The Roseto effect is the phenomenon by which a close-knit community experiences a reduced rate of heart disease. The effect is named for Roseto, Pennsylvania. The Roseto effect was first noticed in 1961 when the local Roseto doctor encountered Dr. Stewart Wolf, then head of Medicine of the University of Oklahoma, and they discussed, over a couple of beers, the unusually low rate of myocardial infarction in Roseto compared with other locations. Many studies followed, including a 50-year study comparing Roseto to nearby Bangor. As the original authors had predicted, as the Roseto cohort shed their Italian social structure and became more Americanized in the years following the initial study, heart disease rates increased, becoming similar to those of neighboring towns.
From 1954 to 1961, Roseto had nearly no heart attacks for the otherwise high-risk group of men 55 to 64, and men over 65 enjoyed a death rate of 1% while the national average was 2%. Widowers outnumbered widows, as well.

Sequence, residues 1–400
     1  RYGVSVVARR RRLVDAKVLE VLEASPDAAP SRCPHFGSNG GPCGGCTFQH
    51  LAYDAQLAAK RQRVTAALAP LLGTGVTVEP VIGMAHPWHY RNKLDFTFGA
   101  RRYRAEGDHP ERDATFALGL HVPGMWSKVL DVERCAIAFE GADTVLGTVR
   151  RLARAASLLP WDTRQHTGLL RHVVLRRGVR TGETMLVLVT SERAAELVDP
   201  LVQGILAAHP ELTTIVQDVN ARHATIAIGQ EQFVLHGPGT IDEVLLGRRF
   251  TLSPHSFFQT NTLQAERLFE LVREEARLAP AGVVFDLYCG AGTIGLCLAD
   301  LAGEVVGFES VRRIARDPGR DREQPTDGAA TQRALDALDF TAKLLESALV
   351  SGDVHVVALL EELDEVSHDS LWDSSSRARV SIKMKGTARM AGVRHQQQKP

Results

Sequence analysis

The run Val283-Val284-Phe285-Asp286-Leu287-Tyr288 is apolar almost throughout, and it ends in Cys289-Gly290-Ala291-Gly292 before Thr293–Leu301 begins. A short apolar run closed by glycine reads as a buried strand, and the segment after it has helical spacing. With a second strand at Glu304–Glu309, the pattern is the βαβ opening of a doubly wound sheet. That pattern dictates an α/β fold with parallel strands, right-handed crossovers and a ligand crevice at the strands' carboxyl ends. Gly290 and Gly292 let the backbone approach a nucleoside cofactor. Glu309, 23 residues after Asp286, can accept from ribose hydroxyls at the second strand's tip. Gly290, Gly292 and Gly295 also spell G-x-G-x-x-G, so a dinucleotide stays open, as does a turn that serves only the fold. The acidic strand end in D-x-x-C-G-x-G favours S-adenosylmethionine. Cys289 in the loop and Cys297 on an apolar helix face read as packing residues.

These statistics were at odds with a number of other factors observed in the community. They smoked unfiltered stogies, drank wine "with seeming abandon" in lieu of milk and soft drinks, skipped the Mediterranean diet in favor of meatballs and sausages fried in lard with hard and soft cheeses. The men worked in the slate quarries where they contracted illnesses from gases and dust. Roseto also had no crime, and very few applications for public assistance.
Wolf attributed Rosetans' lower heart disease rate to lower stress. "'The community,' Wolf says, 'was very cohesive. There was no keeping up with the Joneses. Houses were very close together, and everyone lived more or less alike.'" Elders were revered and incorporated into community life. Housewives were respected, and fathers ran the families.
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